Are you as much in awe of flight as I am? I remember my first flight and I’d like to share the story with you.
It was in January, 1970 on a TWA (the former Trans World Airlines) DC-9 from Cleveland, Ohio to Indianapolis, Indiana. It was a cold, sunny morning and I vividly recall how swiftly that little airplane rocketed down Runway 23L at Cleveland Hopkins International Airport. Moments later we were airborne and climbing high.
A ‘miracle’ of physics
Having spent a bit of time reading up on the concept of flight, I knew how and why that metal machine could lift off the ground and be carried into the sky. But it still felt like a ‘miracle’ to me. How can something that large – that heavy – defy gravity and take off? It’s really quite simple and you can demonstrate it yourself in an easy and fun experiment.
Let’s have some fun with the physics of flight!
In 1738 a Swiss mathematician, Daniel Bernoulli, published a book titled Hydrodynamica. In it Bernoulli stated that when a fluid (in this case, air) travels faster its pressure drops. You can see the result by conducting a simple experiment. Take a piece of paper and grasp it at one end, holding it up in front of your mouth. Allow the paper to curl downward under its own weight so that it is limp and sagging toward the ground. Then round your lips and blow steadily across the top of the piece of paper. You’ll see the paper rise up toward you and nearly straighten out!
Making that airplane fly!
In your experiment, you increased the speed of the air on top of the piece of paper while the air underneath it remained still. Because faster air has less pressure than air traveling at a slower speed, the pressure on top of the piece of paper was lessened to a point below the pressure of the air beneath it. The result was lift!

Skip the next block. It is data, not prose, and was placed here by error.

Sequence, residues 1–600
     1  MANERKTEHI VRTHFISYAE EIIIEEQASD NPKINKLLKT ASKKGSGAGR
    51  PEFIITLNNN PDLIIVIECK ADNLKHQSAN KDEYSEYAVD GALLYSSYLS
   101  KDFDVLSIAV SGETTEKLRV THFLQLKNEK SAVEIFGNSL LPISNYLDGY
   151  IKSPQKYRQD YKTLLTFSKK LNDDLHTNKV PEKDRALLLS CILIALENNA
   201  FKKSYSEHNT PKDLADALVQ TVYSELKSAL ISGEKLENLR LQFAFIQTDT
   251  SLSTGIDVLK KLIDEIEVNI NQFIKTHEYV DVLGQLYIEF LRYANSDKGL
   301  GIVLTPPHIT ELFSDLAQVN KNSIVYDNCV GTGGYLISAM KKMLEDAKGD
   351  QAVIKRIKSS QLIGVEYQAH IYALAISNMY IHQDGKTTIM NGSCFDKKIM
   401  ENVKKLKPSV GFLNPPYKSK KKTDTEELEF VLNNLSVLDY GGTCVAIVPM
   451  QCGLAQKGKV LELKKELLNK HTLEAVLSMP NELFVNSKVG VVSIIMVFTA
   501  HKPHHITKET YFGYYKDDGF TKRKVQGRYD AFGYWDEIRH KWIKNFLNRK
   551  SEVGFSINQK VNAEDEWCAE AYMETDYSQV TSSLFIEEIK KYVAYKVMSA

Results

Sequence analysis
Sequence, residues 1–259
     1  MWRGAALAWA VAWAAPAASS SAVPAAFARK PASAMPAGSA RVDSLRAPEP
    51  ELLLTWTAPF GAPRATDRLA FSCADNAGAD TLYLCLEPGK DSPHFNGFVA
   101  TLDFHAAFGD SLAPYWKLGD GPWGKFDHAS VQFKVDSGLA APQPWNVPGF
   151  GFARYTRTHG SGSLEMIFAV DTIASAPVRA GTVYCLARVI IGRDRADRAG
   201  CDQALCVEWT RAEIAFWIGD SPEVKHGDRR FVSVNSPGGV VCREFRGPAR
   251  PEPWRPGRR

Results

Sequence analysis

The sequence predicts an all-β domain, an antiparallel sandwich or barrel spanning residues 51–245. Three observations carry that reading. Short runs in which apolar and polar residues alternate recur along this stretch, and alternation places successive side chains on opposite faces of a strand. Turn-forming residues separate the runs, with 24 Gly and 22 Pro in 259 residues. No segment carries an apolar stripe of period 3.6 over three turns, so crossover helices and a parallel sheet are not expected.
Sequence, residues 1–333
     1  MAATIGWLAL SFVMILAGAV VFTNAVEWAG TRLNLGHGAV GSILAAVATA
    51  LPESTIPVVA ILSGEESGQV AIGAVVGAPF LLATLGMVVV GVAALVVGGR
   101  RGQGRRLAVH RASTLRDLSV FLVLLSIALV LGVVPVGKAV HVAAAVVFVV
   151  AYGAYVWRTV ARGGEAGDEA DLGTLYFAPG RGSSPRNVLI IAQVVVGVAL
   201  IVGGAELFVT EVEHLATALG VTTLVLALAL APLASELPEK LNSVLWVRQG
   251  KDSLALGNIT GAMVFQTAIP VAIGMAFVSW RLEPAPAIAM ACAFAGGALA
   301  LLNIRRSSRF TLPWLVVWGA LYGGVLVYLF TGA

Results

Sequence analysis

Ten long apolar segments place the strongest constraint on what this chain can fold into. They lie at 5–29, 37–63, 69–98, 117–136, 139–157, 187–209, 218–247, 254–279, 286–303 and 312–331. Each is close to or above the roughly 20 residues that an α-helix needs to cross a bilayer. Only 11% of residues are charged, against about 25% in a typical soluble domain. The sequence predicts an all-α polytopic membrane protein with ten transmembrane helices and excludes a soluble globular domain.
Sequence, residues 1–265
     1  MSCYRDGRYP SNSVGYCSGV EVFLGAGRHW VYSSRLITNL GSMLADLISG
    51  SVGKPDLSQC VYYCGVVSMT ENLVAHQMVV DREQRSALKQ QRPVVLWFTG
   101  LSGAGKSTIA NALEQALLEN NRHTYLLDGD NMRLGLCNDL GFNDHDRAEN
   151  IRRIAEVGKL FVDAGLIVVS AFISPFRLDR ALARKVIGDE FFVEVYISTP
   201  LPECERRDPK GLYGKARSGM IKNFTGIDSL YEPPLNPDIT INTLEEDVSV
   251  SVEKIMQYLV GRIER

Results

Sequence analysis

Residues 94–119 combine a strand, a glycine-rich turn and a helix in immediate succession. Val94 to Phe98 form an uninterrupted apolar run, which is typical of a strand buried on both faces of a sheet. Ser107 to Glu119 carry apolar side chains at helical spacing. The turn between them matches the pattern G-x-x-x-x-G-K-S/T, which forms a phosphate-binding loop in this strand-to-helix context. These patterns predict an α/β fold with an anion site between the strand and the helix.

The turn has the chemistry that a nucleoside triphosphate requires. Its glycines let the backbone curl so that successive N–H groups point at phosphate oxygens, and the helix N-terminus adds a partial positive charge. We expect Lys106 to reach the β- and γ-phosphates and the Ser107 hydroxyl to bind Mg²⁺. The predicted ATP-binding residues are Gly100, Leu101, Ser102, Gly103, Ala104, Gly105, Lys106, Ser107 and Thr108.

Airplane wings produce the same effect by having a curved top surface and a relatively flat bottom surface. As the aircraft moves forward into the air, the air stream must divide when it meets the front, or leading edge of the wing. Part of the air stream must travel over the top surface of the wing while the other portion must travel along the underside of the wing.
The curved top surface of the wing represents a greater distance front to back, or leading edge to trailing edge, than the straighter bottom surface. Therefore, the air stream traveling along the upper surface of the wing must travel farther than the air stream below the wing. As the air streams combine at the trailing edge of the wing, the portion above has had to travel faster to meet the air stream below. As a result, its pressure is lower than the pressure under the wing and the result is lift. The wing rises and the airplane achieves flight!
Flying High with Casual Games
Themes of flight are found in many areas of our lives; it doesn’t have to be limited to aviation. For example, have you taken a flight while playing casual games? Did you know that was even possible? Sure is! In Unsolved Mystery Club™ – Amelia Earhart™ you can not only follow the mystery of the famous lost aviator but you can learn to fly in a variety of mini-games. Maybe you’d rather pilot a fighter in the action games Platypus and Platypus II. Or try your skills at helicopter piloting in AirStrike 3D! No matter how you’d like to fly, GameHouse is ready for takeoff with our Airplane Games.